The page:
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A national fungal meningitis outbreak linked to contaminated vials of steroid injectables from a Massachusetts compounding operation has reignited the debate over the safety of compounded drugs and the need for stiffer FDA regulation of these activities.
A national fungal meningitis outbreak linked to contaminated vials of steroid injectables from a Massachusetts compounding operation has reignited the debate over the safety of compounded drugs and the need for stiffer FDA regulation of these activities. Last week, the Centers for Disease Control and Prevention (CDC) reported 7 deaths and 91 ill, with the numbers rising daily. Thousands of individuals have been exposed to some 17,000 vials of methylprednisolone acetate produced by the New England Compounding Center (NECC) and shipped to 23 states in recent months.
Such a large volume of drug compounding and marketing to such a broad geographic area runs counter to FDA policy, especially for a drug that is available from regulated manufacturers. Compounded sterile injectables have been associated with serious adverse events, and NECC has been cited by FDA and state regulators for a range of violations in recent years. In April 2012, FDA and the CDC warned against use of a contaminated product used in eye surgery from Franck’s Pharmacy in Florida. FDA inspectors found fungus in several NECC lots last week; the firm instituted a broad recall and shut down operations.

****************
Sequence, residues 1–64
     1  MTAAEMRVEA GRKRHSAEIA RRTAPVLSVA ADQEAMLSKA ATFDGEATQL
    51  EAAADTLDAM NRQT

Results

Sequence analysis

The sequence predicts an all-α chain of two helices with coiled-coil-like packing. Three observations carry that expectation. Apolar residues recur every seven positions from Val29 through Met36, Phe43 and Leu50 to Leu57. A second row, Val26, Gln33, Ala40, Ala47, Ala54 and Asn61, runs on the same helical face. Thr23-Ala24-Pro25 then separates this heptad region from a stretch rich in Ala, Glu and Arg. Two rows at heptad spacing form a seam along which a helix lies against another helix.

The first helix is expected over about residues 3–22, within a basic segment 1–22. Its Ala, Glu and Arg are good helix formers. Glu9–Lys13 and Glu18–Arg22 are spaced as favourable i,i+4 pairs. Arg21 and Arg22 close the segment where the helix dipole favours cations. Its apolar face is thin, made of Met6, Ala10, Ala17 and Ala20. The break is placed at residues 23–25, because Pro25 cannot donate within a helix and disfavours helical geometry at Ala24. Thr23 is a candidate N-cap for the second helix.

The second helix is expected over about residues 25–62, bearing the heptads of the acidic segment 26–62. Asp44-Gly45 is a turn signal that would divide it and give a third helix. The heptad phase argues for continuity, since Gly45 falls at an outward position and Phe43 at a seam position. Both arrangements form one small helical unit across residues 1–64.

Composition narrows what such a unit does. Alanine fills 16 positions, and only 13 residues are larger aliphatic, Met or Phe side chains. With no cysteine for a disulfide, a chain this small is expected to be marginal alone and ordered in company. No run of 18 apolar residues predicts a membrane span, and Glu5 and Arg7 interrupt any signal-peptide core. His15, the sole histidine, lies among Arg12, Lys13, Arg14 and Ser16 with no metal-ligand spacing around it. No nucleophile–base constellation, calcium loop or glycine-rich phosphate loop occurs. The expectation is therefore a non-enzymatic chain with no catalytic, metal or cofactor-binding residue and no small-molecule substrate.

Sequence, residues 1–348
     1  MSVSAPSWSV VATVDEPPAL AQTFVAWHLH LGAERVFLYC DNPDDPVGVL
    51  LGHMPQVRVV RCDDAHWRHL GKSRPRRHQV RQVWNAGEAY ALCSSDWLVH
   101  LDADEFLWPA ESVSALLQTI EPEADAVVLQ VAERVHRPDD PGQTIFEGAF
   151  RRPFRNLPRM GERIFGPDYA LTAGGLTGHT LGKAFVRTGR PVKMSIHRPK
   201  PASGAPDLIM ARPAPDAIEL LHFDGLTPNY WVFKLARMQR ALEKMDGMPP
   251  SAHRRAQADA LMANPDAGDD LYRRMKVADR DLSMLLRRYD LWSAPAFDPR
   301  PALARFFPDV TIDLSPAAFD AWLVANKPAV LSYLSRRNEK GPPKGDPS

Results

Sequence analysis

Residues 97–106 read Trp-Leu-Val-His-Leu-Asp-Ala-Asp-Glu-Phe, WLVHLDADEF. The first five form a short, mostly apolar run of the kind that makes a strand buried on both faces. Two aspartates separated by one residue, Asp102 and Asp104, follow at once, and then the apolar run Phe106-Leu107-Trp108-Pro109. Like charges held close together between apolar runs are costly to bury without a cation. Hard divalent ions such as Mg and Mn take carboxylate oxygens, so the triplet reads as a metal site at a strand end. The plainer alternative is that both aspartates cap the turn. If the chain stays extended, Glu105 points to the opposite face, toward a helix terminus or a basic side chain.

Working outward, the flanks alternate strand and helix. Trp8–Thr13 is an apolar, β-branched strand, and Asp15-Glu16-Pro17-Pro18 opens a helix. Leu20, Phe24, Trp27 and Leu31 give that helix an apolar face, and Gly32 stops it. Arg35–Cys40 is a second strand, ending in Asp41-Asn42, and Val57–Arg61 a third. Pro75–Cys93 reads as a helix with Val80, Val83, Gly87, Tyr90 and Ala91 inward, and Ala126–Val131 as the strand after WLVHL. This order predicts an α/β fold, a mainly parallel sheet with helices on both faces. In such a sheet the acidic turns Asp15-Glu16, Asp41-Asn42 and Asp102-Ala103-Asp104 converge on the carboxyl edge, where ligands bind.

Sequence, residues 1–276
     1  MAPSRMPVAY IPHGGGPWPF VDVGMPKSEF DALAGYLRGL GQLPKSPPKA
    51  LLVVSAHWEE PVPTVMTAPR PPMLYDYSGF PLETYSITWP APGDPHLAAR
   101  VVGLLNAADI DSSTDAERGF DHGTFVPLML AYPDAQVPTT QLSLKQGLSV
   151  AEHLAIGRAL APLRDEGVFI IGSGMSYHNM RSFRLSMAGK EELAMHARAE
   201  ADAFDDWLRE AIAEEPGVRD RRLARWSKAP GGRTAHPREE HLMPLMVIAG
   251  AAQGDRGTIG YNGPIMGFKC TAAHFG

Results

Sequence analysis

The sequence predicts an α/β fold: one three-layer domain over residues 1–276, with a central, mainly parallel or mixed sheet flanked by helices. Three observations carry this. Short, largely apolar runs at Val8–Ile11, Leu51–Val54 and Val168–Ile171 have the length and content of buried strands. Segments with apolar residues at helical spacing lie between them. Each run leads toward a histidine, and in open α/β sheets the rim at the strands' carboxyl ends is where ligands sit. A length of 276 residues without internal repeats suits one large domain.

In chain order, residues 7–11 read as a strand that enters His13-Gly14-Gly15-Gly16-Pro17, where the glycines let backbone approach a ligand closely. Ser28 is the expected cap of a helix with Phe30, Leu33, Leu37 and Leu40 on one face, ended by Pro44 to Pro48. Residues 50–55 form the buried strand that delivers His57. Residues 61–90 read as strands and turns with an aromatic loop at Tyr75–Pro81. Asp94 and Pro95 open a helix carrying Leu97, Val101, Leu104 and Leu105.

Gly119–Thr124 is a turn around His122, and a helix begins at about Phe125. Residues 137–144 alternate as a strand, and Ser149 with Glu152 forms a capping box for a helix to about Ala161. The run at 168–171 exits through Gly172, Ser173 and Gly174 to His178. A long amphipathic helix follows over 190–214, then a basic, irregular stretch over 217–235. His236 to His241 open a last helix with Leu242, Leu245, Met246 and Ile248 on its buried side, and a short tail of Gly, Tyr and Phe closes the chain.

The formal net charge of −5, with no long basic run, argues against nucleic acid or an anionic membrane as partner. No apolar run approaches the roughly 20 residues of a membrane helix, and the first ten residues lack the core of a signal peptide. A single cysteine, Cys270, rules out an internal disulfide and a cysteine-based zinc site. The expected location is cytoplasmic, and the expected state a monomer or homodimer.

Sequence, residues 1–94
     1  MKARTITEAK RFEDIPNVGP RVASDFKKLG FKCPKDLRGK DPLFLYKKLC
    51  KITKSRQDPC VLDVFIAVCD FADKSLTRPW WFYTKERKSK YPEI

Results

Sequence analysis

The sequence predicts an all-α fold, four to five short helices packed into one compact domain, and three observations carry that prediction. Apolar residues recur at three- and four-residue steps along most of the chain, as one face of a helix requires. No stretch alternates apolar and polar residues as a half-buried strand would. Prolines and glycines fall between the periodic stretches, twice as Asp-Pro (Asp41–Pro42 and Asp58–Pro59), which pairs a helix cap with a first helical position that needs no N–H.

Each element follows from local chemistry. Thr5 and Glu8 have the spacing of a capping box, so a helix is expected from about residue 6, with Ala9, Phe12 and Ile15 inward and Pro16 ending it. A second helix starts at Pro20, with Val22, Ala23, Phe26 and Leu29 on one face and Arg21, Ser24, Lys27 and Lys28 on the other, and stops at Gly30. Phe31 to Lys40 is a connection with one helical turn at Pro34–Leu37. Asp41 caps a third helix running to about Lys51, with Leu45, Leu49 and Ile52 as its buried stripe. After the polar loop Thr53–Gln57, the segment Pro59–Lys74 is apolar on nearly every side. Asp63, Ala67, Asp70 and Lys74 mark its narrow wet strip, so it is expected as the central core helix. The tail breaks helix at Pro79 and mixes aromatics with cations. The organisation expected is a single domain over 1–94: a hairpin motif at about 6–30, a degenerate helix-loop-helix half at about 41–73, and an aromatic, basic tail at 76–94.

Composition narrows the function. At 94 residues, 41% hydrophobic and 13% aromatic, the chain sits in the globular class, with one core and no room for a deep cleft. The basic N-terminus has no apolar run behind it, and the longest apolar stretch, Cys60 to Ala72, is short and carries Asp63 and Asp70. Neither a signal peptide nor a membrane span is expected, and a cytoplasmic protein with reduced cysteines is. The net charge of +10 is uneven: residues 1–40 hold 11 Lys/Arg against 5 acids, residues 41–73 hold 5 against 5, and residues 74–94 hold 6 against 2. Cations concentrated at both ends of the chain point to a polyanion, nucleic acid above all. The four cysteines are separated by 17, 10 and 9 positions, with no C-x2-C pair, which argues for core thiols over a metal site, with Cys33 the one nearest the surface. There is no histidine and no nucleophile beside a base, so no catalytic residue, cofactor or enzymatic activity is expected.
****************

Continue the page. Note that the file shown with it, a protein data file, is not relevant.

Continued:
Pharmaceutical manufacturers have pressed for stricter control of compounding pharmacies, which now number over 7000 according to the International Academy of Compounding Pharmacists. About 3000 produce sterile products, and a growing number are large enough to compete with drug companies that have to meet extensive standards to ensure quality products. Compounding pharmacies traditionally provide a valuable service in preparing special doses or formulations not available commercially and needed by individual patients, particularly children and the elderly. But only 162 compounders have applied for voluntary industry accreditation. Efforts by FDA to stiffen the rules over compounding have been stymied by Congress and rejected by the courts.
The current meningitis outbreak reflects a rise in treatment of back pain with spinal injections of steroids, as an alternative to surgery. Sales have risen for the NECC injectible treatment apparently due to supply shortages of generic versions of methylprednisolone related to manufacturing problems at generic producers of sterile injectibles; a brand product from Pfizer (Depo-Medrol) is expensive. Commercial versions of this product are not approved for injection into spinal joints, but evidently have been used off-label for such treatment.
Compounding pharmacies fall into a gray area between FDA enforcement of drug manufacturing and state regulation of pharmacists. FDA has long tried to impose standards on large-scale compounders that move beyond local operations and compete unfairly with pharmaceutical manufacturers. An agency report in 2007 cites 200 adverse events involving 71 compounded products since 1990. Legislation approved in 1997 authorized FDA to clarify its policies governing pharmacy compounding. But the resulting regulations were invalidated by the courts on the grounds of unfairly restricting commercial speech. After that ruling was upheld by the Supreme Court in 2002, FDA issued a compliance guide spelling out its enforcement policy, focusing on large compounders that produce unsafe products from unapproved ingredients, but the agency’s enforcement powers have been limited. And in some cases FDA has supported compounders over manufacturers, as when KV Pharmaceuticals jacked up the price on the premature birth preventive, Makena, in anticipation of FDA action against compounders. The lethal consequences of this latest compounding disaster may generate legislative changes, as seen in recent comments by Sen. Richard Blumenthal (D-Conn) about the need to strengthen FDA oversight of compounding pharmacies.